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 PIEZO CERAMIC PRODUCTS  

Introduction Piezoelectric Piezoelect ric Ceramics 2001 May 16

 

 

Morgan Electro Ceramics

Piezoelectric Ceramics

Introduction

CONTENTS 1

THE NATURE OF PIEZOELECTRIC CERAMICS

2

APPLICATIONS SURVEY

3

ACTUATORS

4 5

ULTRASONIC TRANSDUCERS DESCRIPTION OF PIEZOELECTRIC SYMBOLS

6

EXPLANATION OF TERMS AND FORMULAS

7

ORDERING INFORMATION

8

ELECTRICAL CONNECTIONS

9

SAFETY AND ENVIRONMENTAL ASPECTS

10

QUALITY

DEFINITIONS Data sheet status Preliminary Prelim inary speci specificat fication ion

This data sheet contains contains preliminary preliminary data; supplemen supplementary tary d data ata may be p publi ublished shed later later..

Pr Prod oduc uctt spe speci cifi fica cati tion on

This This da data ta shee sheett con conta tain ins s ffin inal al pr prod oduc uctt spe speci cifi fica cati tion ons. s.

Application information Where application information is given, it is advisory and does not form part of the specification. LIFE SUPPORT APPLICATIONS These products are not designed for use in i n life support appliances, devices, or systems where malfunction of these products can reasonably be expected to result in personal injury. Philips customers using or selling these products for use in such applications do so at their own risk and agree to fully indemnify Philips for any damages resulting from such improper use or sale.

2001 May 16

2

 

Morgan Electro Ceramics

Piezoelectric Ceramics 1

Introduction

TH THE E NATU NATURE RE O OF F PI PIEZ EZOE OELE LECT CTRI RIC C CE CERA RAMI MICS CS

Piezoelectricity is the general term to describe the property exhibited by certain crystals of becoming electrically polarized when stress is applied to them. Quartz is a good example of a piezoelectric crystal. If handbook, halfpage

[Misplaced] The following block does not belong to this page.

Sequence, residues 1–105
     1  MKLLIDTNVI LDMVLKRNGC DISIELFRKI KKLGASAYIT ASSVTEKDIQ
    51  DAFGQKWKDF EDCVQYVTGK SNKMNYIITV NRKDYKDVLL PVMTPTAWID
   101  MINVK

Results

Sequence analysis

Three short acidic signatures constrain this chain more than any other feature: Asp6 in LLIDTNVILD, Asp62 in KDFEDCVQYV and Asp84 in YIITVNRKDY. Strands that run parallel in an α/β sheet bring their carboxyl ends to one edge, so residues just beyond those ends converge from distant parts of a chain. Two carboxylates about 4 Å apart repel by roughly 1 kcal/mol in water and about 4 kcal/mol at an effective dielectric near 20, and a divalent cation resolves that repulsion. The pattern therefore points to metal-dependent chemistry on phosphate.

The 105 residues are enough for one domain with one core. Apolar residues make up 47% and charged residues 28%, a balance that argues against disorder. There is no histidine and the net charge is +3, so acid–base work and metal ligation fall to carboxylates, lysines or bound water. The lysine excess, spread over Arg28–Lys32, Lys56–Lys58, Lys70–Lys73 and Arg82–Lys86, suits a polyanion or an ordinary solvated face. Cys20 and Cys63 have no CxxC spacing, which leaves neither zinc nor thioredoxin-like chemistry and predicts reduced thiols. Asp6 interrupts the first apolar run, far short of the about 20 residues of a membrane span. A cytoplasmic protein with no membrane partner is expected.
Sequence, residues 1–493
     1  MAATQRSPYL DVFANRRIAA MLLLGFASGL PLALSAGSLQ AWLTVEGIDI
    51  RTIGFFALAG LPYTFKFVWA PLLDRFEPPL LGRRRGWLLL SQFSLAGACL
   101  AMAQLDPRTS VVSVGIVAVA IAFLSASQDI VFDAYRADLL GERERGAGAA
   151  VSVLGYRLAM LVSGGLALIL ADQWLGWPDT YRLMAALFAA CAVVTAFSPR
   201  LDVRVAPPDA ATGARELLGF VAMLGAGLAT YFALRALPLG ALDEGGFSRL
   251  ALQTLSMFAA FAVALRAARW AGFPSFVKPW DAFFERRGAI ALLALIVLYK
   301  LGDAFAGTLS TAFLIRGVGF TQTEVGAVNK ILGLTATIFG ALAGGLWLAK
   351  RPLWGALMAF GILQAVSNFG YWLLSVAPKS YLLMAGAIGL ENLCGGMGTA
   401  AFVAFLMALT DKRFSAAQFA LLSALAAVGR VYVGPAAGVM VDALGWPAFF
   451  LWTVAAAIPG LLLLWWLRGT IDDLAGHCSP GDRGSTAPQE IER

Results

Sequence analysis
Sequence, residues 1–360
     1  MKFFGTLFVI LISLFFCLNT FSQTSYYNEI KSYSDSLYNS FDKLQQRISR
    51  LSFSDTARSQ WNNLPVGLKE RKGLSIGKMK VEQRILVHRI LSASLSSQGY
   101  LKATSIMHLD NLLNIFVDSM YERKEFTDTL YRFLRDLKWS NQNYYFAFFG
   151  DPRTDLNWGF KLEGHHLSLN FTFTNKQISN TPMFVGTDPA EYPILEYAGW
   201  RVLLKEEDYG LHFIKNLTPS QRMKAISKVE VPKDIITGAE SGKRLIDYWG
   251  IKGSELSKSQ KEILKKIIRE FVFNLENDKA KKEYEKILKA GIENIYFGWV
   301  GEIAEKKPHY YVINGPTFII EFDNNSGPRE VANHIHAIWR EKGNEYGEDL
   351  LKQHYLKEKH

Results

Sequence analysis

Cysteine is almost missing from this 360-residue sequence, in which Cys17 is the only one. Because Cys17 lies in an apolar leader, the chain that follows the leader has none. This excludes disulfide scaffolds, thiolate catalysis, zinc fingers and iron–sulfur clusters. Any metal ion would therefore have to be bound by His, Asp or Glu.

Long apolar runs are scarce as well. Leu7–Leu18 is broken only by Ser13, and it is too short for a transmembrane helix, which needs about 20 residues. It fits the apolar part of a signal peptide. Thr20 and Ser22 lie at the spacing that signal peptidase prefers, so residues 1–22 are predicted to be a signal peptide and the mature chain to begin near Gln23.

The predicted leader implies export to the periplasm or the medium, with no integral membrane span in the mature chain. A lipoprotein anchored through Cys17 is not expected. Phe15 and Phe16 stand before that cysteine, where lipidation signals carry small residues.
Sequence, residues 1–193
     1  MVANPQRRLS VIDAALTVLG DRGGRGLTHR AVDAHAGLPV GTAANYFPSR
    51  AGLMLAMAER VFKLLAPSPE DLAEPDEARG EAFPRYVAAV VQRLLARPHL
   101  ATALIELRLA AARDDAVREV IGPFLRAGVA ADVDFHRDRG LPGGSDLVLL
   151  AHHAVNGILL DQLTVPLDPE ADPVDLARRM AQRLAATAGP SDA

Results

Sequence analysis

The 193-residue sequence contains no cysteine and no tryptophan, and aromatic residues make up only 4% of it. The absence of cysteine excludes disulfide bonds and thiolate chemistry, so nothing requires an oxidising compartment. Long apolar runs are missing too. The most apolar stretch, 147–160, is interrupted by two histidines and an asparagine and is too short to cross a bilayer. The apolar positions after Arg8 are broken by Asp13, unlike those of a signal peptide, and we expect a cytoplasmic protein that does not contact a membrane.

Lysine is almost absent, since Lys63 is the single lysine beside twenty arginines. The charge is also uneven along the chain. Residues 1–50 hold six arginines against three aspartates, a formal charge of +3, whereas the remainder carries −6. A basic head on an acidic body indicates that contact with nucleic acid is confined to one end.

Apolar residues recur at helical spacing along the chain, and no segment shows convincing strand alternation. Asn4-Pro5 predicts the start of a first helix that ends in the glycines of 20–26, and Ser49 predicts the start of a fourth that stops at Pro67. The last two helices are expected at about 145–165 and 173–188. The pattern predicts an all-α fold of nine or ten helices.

stress is applied to such a crystal, it will develop an electric moment proportional to the applied stress. This is the direct piezoelectric effect. Conversely, if it is placed in an electric field, a piezoelectric crystal changes its shape slightly. This is the inverse piezoelectric effect. Piezoelectricity is also exhibited by ferroelectric crystals, e.g. tourmaline and Rochelle salt. These already have a spontaneous polarization, and the piezoelectric effect shows up in them as a change in this polarization.

A2+ B4+ O2−

In addition to the crystals mentioned above, an important group of piezoelectric materials are the piezoelectric ceramics, of which PXE (Philips trade mark) is an example. These are polycrystalline ferroelectric materials

MBG839 

with the perovskite crystal structure, a tetragonal/rhombohedral structure very close to cubic. They have the general formula ABO 3 (  (Fig.1 Fig.1), ), in which A denotes a large divalent metal ion such as Pb, and B denotes a small tetravalent metal ion such as Zr or Ti.

Fig.1 The perovskit perovskite e crystal structure. moment with stress is approximately linear and reversible.